Snicket and Klassen are an inspired pairing in this suspenseful take on childhood fear. Laszlo, a solemn boy in blue pajamas, is scared of the dark, and it's easy to see why. He lives in a house with "a creaky roof, smooth, cold windows, and several sets of stairs." The floors are bare, the halls are empty, and the windows are uncurtained. And the dark in his house is not just any darkâ€"it has a will of its own. "Sometimes the dark hid in the closet. Sometimes it sat behind the shower curtain," writes Snicket (13 Words). Klassen (This Is Not My Hat) constructs his spreads with quiet finesse, playing expanses of shadow and darkness off small, constricted areas of light, as the boy roams through the house. Still, Laszlo's fear does not translate into a look of terror; his dot eyes and straight-line mouth signal calm. Sometimes, he even talks to the dark ("Hi, dark," he says down the basement stairs). One fateful night, though, the dark talks back, surrounding Laszlo as he lies in bed. Only the boy's face and hand, clutching his trusty flashlight, can be seen. The rest of the page is a sea of black. "Laszlo," the dark says, "I want to show you something." In the deliciously tense sequence that follows, the dark beckons Laszlo into the basement, pointing him toward a closed dresser drawer. Laszlo's flashlight illuminates only a small wedge of the basement stairwell; beyond his beam of light, the black closes in. The darkness is not just a condition, readers understand; it's an actual entity, palpable and breathing. At the moment Laszlo steps closest to the dresser, Snicket intervenes with a diabolically timed soliloquy on the philosophical need for creaky roofs, cold windows, and darkness, delivered at exactly the moment the fear of these things looms largest. "Without a closet, you would have nowhere to put your shoes," he points out, as readers wait with bated breath to find out what lurks inside the dresser, "and without the dark, everything would be light." In a final twistâ€"and a moment of uncharacteristic gentleness from Snicketâ€"the dark offers Laszlo a drawerful of light bulbs that are just the right size for his nightlight. "The dark kept on living with Laszlo, but it never bothered him again," Snicket concludes. While it might not combat fear of the dark, it's an ingenius introduction to horror movieâ€"style catharsis, and a memorable ride on the emotional roller coaster that great storytelling creates. Ages 3-6. Author's agent: Charlotte Sheedy Literary Agency. Illustrator's agent: Steven Malk, Writers House. (Apr.) [Page ]. Copyright 2013 PWxyz LLC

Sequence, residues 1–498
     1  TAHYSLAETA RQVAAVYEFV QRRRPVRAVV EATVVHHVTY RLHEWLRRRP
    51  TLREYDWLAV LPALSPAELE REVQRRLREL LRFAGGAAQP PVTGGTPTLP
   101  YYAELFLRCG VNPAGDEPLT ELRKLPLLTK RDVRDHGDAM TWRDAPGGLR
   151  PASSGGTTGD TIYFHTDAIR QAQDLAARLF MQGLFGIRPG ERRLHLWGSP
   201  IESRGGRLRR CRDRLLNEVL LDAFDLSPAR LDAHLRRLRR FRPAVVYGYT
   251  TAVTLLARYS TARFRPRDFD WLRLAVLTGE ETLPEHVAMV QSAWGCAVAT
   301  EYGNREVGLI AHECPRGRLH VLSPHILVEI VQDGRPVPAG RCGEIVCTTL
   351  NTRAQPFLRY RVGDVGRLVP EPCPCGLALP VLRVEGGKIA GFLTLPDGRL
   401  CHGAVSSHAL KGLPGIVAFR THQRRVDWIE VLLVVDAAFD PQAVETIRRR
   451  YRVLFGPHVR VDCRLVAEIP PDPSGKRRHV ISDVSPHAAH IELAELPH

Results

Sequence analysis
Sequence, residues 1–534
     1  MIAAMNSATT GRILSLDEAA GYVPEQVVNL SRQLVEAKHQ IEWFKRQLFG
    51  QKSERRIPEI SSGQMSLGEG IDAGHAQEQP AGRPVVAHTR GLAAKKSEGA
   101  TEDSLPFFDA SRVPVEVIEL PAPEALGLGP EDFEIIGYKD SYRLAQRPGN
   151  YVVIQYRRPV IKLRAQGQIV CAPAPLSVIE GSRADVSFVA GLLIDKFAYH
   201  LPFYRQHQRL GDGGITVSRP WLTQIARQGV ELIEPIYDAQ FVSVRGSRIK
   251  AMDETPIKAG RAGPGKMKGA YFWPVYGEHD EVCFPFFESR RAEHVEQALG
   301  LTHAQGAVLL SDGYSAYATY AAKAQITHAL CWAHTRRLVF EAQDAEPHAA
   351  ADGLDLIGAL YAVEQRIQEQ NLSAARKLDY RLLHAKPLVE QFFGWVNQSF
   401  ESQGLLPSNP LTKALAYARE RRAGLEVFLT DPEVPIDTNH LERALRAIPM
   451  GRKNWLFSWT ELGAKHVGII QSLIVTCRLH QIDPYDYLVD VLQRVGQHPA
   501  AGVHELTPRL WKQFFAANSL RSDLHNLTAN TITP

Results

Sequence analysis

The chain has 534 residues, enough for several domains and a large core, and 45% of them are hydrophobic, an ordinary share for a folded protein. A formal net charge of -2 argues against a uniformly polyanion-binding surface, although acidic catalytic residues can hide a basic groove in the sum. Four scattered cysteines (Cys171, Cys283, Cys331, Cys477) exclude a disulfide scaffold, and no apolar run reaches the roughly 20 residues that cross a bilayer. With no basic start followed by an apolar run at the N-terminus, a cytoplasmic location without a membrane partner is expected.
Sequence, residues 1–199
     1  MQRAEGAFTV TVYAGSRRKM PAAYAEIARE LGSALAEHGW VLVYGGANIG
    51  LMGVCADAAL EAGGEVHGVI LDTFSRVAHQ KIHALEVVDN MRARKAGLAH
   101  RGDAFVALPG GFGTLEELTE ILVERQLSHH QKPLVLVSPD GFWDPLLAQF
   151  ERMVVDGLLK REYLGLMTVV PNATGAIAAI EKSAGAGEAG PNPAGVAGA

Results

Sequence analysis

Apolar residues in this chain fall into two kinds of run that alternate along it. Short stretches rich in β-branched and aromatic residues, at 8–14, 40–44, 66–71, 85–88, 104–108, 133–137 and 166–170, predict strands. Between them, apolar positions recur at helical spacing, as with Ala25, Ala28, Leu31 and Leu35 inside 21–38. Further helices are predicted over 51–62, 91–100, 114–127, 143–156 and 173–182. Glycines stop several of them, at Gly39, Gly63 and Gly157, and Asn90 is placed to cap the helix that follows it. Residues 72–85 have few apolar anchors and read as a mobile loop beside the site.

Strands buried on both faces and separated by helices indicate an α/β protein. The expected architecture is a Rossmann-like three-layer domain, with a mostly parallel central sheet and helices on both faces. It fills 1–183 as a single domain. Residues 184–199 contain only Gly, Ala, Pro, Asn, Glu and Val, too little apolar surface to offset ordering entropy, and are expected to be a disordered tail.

School Library Journal Reviews 2013 April
PreS-Gr 2--Snicket and Klassen present a picture book that tackles a basic childhood worry with suspense, a dash of humor, and a satisfying resolution. Laszlo, clad in pajamas, is afraid of the dark, which spends most of the day in the basement but spreads itself throughout the boy's rambling home at night. Every morning, he opens the basement door, peeks down, and calls out, "Hi, dark," hoping that if he visits the dark in its room, it will not return the favor. However, when Laszlo's night-light burns out one evening, the dark does come to call, declaring in a voice as creaky as the house's roof, "I want to show you something." The youngster, who bravely shines his flashlight into the inky night, is slowly coaxed down to the basement and a forgotten-about chest of drawers ("Come closer… Even closer"). Here, Snicket keeps readers teetering on the edges of their seats, taunting them with a lengthy and convoluted aside. Finally, the boy is instructed to open the bottom drawer, where he finds… a supply of light bulbs. There's a sense of closure, as Laszlo comes to terms with the dark, which still lives in his home but never bothers him again. The understated illustrations keep the focus on the emotional context, showing a serious-faced protagonist, a stark setting, and shadow-filled corners. Faded hues contrast with the ominous blackness, providing visual punch and adding credence to the boy's fears. Fresh, kid-savvy, and ultimately reassuring.--Joy Fleishhacker, School Library Journal [Page 144]. (c) Copyright 2013. Library Journals LLC, a wholly owned subsidiary of Media Source, Inc. No redistribution permitted.